2 Door Wagons - Oddity or Brilliance? Part 1


Going back to the concept of Station Wagons, they started out during the early stages of automobiles, roughly 1910. They were basically "motorized luggage wagons", built to serve the bustling passenger train and oceanic cruise ship passenger. Travel took a long time, so people had to take a sizable amount of luggage with them and "luggage" consisted mostly of large "steam trunks".
Similar to the concepts behind early Graham trucks, automobile manufacturers, primarily Ford, began building "cab and chassis" models for modification outside of the factory. 

Buick, Chevrolet, Dodge, Essex, Ford, Franklin and Studebaker were the main chassis used by the various body manufacturers. 

These aftermarket manufacturers would buy the bare bones trucks and install wooden wagon bodies on them for use as"depot hacks" (luggage taxis). Research reflects the term "station wagon" began to replace the use of "depot hacks", somewhere between 1923 and 1929, the year Ford introduced an official factory built "Station Wagon". 

However, it was not until 1938 when Dodge introduced the P6 Westchester Suburban, the first station wagon that was classified as a car rather than a commercial truck. Other companies soon followed with woodies of their own. At this time all woodies were considered "commercial vehicles" with low production and sales volume, but this is also likely the point in time where people began to view "station wagons" differently.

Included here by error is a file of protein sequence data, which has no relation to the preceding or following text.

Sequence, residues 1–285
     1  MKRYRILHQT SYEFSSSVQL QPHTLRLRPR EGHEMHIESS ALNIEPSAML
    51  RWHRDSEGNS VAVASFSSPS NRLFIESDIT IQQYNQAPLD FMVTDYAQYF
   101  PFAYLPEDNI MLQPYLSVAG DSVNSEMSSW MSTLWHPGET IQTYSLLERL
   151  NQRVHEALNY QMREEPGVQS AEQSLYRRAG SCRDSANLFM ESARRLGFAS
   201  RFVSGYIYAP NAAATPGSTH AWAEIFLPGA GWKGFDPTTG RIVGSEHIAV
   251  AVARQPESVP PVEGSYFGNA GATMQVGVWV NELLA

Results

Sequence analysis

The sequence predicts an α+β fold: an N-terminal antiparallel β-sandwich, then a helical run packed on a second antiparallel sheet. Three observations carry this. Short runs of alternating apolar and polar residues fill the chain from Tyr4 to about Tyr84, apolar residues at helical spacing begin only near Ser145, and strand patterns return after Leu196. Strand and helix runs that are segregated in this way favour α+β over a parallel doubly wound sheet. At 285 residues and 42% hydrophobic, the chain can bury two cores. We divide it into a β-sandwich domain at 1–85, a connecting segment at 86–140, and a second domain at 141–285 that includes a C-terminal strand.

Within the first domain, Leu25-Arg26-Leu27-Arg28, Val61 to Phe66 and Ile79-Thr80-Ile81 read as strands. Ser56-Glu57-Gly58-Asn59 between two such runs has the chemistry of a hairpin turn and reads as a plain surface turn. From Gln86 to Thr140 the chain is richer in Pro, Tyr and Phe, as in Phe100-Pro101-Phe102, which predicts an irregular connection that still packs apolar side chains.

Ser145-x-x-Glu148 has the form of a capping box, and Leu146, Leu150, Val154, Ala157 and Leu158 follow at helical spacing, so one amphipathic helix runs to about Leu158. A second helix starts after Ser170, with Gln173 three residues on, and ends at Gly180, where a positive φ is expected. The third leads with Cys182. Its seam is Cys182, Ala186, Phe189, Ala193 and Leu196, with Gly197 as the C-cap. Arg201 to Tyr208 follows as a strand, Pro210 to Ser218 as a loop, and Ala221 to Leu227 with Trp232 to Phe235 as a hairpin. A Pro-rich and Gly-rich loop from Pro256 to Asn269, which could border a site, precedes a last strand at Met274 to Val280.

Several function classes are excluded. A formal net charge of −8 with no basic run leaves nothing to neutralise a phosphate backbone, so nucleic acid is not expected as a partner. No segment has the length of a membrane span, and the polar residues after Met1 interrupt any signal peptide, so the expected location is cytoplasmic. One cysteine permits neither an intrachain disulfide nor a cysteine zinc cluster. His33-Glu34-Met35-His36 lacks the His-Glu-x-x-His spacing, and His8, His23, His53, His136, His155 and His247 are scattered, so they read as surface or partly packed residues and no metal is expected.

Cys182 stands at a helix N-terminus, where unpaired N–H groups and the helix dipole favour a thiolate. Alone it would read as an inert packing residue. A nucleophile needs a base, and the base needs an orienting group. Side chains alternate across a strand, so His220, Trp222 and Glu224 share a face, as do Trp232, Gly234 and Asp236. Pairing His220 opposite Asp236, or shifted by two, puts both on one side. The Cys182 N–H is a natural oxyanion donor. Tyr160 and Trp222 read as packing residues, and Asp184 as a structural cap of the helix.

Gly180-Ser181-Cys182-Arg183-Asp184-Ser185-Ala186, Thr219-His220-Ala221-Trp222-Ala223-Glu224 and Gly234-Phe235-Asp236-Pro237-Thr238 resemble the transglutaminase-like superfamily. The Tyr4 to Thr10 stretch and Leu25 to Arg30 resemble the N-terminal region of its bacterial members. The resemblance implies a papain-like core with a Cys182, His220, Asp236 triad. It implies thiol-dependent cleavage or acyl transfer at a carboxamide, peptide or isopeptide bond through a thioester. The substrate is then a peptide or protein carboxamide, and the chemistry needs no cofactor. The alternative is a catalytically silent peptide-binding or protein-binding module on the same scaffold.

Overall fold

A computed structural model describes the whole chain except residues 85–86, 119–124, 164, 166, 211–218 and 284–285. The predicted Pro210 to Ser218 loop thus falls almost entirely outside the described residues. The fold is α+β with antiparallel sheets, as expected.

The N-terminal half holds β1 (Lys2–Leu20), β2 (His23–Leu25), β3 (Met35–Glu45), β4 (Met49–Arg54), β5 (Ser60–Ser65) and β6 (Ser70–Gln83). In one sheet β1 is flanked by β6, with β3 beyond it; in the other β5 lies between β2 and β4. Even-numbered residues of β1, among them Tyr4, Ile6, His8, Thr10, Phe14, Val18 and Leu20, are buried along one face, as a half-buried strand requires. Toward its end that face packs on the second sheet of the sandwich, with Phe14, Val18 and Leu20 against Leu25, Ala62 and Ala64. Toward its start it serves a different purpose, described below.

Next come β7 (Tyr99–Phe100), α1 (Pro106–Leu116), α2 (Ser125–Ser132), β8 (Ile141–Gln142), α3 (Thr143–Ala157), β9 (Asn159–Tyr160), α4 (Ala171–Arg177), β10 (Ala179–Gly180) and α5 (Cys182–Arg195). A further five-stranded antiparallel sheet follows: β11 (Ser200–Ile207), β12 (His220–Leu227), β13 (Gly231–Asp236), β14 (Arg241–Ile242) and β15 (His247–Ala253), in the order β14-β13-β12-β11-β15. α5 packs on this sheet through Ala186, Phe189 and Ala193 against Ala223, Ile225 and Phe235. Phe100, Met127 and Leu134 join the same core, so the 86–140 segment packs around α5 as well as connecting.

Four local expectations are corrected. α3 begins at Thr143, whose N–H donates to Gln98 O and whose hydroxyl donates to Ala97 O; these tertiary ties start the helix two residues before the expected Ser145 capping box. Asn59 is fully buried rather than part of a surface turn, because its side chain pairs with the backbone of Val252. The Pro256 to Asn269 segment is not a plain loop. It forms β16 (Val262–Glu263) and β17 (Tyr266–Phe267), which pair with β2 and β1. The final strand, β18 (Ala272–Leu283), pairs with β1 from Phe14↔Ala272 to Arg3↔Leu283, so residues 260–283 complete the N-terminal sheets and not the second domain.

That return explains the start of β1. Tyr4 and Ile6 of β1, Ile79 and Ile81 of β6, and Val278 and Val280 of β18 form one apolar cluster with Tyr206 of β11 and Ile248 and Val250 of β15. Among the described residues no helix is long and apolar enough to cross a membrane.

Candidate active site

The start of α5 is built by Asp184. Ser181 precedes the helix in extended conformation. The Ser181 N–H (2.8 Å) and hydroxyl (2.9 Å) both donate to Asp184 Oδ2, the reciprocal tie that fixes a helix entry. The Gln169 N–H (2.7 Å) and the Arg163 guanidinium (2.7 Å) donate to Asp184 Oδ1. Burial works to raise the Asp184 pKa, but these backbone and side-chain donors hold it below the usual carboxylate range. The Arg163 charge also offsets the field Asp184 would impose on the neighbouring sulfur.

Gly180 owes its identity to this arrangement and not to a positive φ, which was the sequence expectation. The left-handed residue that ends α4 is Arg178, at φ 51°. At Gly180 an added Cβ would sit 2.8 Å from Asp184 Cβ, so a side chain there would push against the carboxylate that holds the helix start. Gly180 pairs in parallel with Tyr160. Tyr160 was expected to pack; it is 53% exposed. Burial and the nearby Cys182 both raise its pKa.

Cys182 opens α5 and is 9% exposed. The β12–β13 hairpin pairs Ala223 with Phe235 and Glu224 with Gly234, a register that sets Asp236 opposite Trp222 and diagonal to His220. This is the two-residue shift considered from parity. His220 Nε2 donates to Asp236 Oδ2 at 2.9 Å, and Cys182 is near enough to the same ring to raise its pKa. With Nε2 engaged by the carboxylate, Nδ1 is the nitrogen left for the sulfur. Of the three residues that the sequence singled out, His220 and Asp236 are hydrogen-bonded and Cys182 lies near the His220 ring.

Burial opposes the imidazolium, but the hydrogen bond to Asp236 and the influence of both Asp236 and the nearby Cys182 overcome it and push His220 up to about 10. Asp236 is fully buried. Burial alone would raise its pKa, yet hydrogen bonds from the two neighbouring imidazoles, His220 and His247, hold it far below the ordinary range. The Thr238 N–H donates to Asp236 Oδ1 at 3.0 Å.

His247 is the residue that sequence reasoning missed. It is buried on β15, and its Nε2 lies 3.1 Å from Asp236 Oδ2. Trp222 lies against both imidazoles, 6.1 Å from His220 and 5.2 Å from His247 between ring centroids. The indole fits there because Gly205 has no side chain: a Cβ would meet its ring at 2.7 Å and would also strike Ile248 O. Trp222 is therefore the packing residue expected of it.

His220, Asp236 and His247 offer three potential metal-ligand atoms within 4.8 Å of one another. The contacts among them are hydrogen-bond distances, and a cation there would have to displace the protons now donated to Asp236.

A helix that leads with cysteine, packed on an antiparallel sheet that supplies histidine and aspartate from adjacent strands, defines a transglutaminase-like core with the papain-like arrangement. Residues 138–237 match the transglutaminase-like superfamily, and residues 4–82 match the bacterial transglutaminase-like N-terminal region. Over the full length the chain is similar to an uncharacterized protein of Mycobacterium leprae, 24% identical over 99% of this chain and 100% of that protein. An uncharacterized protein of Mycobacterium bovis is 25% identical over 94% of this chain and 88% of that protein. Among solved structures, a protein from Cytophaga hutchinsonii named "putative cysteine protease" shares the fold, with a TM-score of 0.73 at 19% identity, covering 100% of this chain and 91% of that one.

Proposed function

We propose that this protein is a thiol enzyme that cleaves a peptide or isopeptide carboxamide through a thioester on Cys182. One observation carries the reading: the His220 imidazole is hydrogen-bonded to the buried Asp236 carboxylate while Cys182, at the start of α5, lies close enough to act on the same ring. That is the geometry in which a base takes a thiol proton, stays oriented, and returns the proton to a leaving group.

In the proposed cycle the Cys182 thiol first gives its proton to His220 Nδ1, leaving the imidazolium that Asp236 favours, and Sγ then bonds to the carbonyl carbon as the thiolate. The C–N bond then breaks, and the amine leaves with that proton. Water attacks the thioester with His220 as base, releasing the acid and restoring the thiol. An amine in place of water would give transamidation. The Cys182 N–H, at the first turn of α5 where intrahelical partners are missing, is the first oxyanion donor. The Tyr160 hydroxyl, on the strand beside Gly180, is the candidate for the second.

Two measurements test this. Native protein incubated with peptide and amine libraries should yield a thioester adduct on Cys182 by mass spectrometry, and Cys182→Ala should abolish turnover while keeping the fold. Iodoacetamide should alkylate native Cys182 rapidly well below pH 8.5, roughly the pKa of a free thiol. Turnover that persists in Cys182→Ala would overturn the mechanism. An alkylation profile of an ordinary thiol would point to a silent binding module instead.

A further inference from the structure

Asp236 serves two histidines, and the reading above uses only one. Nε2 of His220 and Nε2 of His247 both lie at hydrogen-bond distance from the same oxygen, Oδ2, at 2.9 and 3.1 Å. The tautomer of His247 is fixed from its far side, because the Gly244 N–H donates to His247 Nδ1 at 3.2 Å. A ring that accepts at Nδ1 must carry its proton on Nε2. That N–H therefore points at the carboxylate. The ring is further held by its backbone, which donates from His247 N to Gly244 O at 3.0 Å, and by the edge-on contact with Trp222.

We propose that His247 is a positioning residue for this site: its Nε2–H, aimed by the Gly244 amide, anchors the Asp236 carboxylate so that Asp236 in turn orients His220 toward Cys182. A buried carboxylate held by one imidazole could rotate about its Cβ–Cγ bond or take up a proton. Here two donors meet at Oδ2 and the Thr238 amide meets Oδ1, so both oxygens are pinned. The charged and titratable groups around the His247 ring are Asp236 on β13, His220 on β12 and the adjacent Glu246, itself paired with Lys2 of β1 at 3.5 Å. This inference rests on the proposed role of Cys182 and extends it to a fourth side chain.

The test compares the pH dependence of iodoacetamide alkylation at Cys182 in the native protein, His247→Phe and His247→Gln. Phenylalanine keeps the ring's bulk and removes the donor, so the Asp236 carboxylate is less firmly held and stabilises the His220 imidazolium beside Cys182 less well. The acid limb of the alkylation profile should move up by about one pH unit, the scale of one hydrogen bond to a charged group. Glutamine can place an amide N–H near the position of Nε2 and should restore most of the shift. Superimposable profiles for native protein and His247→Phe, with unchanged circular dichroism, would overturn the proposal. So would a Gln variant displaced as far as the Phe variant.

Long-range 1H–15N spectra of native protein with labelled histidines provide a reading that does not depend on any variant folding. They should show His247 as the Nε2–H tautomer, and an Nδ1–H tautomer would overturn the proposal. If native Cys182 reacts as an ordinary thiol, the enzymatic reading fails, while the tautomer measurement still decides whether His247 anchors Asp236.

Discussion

Lots of "squishy" details surrounding why 2 door woodies were introduced post war, but the 1948/49 model years brought about a large variety of "woodie" variations from many manufacturers, including convertibles, 4 door sedans and wagons and 2 door wagons. The breakthrough was that 2 door wagons were fashionable. They broke the stigma of a wagon as a low budget utility vehicle. 

Details reflected a quickly growing disdain for "woodies". They looked fantastic new, but the wood quickly shed itself of varnish making them look old and worn out. Without proper care, the wood began to rot. 

The first all-steel 2 door wagon was introduced by Plymouth in 1949. An all metal wagon addressed the issues of a wood body, but fashion took a backseat to utility for these early all steel wagons."Commercial" users wanted a durable and inexpensive replacement for the woodie, but the general market wanted a replacement for the fashionable 2 door woodie. Detroit decided to give them both.
Check back tomorrow for Part 2 of the 2 Door Wagon Story, "Welcome Home Nomad"